What you really need to know about viruses and spyware – Part 1: What’s the difference?

Lately, it seems viruses and spyware have been surging forward in both quantity and severity.  Something tells me this problem is not specific to Naples, Florida; virus infections are on the rise and there’s no end in sight.  Just how scared should you be, and is there anything specific you need to DO to protect your computer network and business data?Computer network virus

Part 1 of this series deals with the difference between viruses and spyware/adware, and the capabilities of both to annoy you, and cause you to lose productivity.  They have similar behavior, but are not quite the same.  Viruses and spyware are software programs that are automated, and once installed (usually unintentionally) will continue to perform their evil functions without any further interaction from their creators.  In this way, they are different from getting “hacked” or otherwise having your data compromised. (Which I’ll probably discuss in a future article at some point!)

Viruses are malicious software programs that are written specifically to destroy your data or crash your computer.  They are basically the digital version of vandalism, created by people who just want to destroy something because they can.  Most virus creators work alone, sometimes the stereotypical geek living in mom’s basement, sometimes by less likely candidates.  They were a big threat back in the late ‘80’s and ‘90’s when personal computers were in their infancy, but now less than 5% of all infections are true viruses.

The other 95% of infections are spyware or adware.  These programs are created for one purpose and one purpose only; to make money.  The creators of the software write code that somehow tricks you into giving up credit card or bank information, which the coders then use to finance the next phase of their operation. The most typical method spyware uses to trick you is by mimicking a familiar program, such as an AntiVirus program, and then telling you there are problems and directing you to a website where you can “purchase” the program to remove the issues.  Spyware does not usually “steal” your credit card or banking information.  This information is encrypted, and takes a high level of sophistication and expertise to hack.  Spyware usually focuses on trickery or fishing for information in order to get you to unwittingly give up your financial information.

Computer virus, Naples FLSpyware takes many forms.  I have seen it mimic the familiar yellow color scheme of the Norton products, and the blues used by Microsoft.  Sometimes it deliberately slows down the computer or comes up with error messages on the screen to further convince you that your computer is having problems so that you’re more likely to pay for the “solution”.  Obviously, you should NEVER give these websites your credit card information, as they don’t provide the solution anyway; usually they just take your money and run.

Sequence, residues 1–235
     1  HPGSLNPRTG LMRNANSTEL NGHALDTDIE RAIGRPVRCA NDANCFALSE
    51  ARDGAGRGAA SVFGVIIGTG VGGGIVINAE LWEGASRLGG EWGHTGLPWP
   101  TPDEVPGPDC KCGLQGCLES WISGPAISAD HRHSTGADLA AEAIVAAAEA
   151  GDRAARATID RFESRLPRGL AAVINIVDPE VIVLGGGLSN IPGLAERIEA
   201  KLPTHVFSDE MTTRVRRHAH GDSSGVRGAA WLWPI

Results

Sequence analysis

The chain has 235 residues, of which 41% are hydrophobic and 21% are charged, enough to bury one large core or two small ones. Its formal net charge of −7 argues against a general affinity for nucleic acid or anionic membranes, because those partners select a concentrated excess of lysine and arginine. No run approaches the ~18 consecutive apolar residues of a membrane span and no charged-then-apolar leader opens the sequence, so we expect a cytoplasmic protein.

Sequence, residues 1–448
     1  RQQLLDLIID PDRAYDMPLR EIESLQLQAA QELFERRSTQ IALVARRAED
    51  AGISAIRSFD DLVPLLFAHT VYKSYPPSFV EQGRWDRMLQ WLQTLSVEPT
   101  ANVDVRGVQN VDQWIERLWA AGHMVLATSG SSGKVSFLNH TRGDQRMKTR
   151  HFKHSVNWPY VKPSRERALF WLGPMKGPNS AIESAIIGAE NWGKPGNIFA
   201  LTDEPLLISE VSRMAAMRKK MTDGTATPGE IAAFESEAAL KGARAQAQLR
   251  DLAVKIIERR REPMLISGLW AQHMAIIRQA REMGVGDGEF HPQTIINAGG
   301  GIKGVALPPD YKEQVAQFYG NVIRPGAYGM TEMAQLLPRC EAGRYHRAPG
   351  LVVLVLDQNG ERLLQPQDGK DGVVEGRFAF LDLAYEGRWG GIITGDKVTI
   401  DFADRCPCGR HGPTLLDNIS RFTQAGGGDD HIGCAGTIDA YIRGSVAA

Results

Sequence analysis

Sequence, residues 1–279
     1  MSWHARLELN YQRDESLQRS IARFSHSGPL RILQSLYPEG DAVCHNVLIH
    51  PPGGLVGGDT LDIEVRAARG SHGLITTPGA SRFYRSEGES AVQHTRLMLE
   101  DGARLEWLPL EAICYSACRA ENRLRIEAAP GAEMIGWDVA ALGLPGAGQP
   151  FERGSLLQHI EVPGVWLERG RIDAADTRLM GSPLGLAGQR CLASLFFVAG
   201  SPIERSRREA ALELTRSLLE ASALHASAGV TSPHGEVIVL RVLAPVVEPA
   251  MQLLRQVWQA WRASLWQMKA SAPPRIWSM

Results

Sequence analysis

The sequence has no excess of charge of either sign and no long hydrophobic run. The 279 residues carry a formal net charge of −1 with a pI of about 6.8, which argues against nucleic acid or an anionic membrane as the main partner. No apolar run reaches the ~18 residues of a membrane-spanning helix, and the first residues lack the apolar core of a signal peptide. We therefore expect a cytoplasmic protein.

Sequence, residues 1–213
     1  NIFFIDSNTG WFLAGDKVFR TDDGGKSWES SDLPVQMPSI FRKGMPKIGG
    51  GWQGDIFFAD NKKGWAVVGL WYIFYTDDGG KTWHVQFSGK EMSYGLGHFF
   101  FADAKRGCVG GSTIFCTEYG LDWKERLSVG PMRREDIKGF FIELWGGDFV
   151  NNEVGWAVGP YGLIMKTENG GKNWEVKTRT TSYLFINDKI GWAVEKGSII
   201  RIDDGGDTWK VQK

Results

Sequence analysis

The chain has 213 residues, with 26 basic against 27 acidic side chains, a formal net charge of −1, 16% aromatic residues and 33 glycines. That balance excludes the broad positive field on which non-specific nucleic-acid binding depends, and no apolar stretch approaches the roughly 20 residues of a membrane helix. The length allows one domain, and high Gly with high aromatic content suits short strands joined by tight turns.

Since spyware has taken the concept of a virus and essentially given it corporate funding, this type of software is usually written by a highly-skilled team of people who are sharing the profits.  This can make spyware very difficult to detect and repair, as the different versions and variants are relentless and sophisticated due to the amount of time and manpower that are dedicated to their creation.  Most current-generation spyware comes from Thailand, as they currently have lax laws about malicious software creation, and money laundering is easier in that country, but many other Asian countries produce spyware as well.

Knowing that most spyware-producing countries are in Asia can actually be helpful.  Have you ever seen an error message like the following pop up on your computer?

“SpyPro software fighter detected very bad malicious code steeler on your computer PC.  To avoiding infection please take immediate actions to correct!  All you’re data is possible to infect unless you register you’re software!”

I’m obviously exaggerating, but I see messages like this all the time containing misspelled words, fragmented sentences, and obvious badly translated tenses and misuse of homonyms.  If you ever see an error message or software program that seems like it was poorly translated into English, then you’ve probably got a spyware infection, and should call in the cavalry right away.  (For an actual screenshot example of this, try this link:  http://yfrog.com/n1uezvj)

Until the government finds a better way of tracing the money and nailing some of these guys, I think we’re just going to have to live with spyware for now.  Much of it can be removed by professionals, but sometimes an operating system reinstall is required to completely eradicate it.  The best bet is to avoid getting infected in the first place, which is what part 2 of this series will discuss.

Paul Nicodemi

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